ESP encryption algorithm Do we want integrity protection of data ?
and key(s)
Do we want to keep data confidential ?
synchronization Which algorithms do we use ?
SA lifetime What are the key lengths ?
SA source address When do we want to create new keys ?
Mode (transport or tunnel) Are we providing security end-to-end ?
IKE - Internet Key Exchange

Automatically establishes SAs and creates/deletes

cryptographic material
Authenticates communicating peers
Works in 2 Phases
Phase I
Establish a secure channel (ISAKMP/IKE SA) to negotiate the data protection
cryptographic material
Results in a single ISAKMP/IKE SA
Phase II
Establishes the secure channel for the transmission of data
Results in a pair of IPsec SAs
Phase I
Establish a secure communication channel (ISAKMP/IKE SA)
Main Mode
Negotiates an ISAKMP SA which will be used to create IPsec SAs
SA negotiation (encryption algorithm, hash algorithm, authentication method, which DF group to use)
Do a Diffie-Hellman exchange
Provide authentication information
Authenticate the peer
Aggressive Mode
Uses 3 (vs 6) messages to establish IKE SA
No denial of service protection
Does not have identity protection
Optional exchange and not widely implemented
Phase II
Establishes a secure channel for actual data (IPsec SA)
Quick mode
All traffic is encrypted using the ISAKMP/IKE Security Association
Each quick mode negotiation results in two IPsec Security Associations
Creates/refreshes keys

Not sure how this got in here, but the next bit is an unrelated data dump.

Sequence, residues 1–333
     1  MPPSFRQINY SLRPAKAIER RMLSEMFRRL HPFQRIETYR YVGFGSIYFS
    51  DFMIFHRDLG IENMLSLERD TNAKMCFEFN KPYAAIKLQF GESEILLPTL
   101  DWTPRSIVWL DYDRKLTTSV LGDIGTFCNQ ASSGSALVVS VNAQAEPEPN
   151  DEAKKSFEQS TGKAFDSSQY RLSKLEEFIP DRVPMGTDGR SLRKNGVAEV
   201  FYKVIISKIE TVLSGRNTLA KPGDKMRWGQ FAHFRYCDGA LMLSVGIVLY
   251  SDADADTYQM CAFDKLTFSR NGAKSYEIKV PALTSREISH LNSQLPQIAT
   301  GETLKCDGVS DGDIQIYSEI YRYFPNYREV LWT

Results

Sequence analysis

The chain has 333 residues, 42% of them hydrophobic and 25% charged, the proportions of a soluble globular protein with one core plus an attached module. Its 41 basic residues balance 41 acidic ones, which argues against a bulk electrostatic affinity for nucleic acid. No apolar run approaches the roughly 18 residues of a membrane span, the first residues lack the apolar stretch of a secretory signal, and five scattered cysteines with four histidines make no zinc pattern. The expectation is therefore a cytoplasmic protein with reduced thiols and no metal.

IPsec with IKE
Peers Authenticate using:
- Pre-shared key
- Digital Certificate
1 IPsec Peer IPsec Peer
Traffic which needs 2
to be protected is IKE Phase 1
recognized as requiring
IPsec protection

Secure communication channel

IKE Phase 2

IPsec Tunnel

Secured traffic exchange

IPsec IKE Phase 1 Uses DH Exchange

First public key algorithm (1976)

Diffie Hellman is a key establishment algorithm
Two parties in a DF exchange can generate a shared secret
There can even be N-party DF changes where N peers can all establish the
same secret key
Diffie Hellman can be done over an insecure channel
IKE authenticates a Diffie-Hellman exchange
Pre-shared secret
Nonce (RSA signature)
Digital signature
IKE Phase 1 Main Mode
3 Compute DH shared secret
and derive keying material
Initiator Responder


IKE Message 1 (SA proposal)

IKE Policy IKE Message 2 (accepted SA)

IKE Message 3 (DH public value, nonce)

DH Exchange IKE Message 4 (DH public value, nonce)

IKE Message 5 (Authentication material, ID)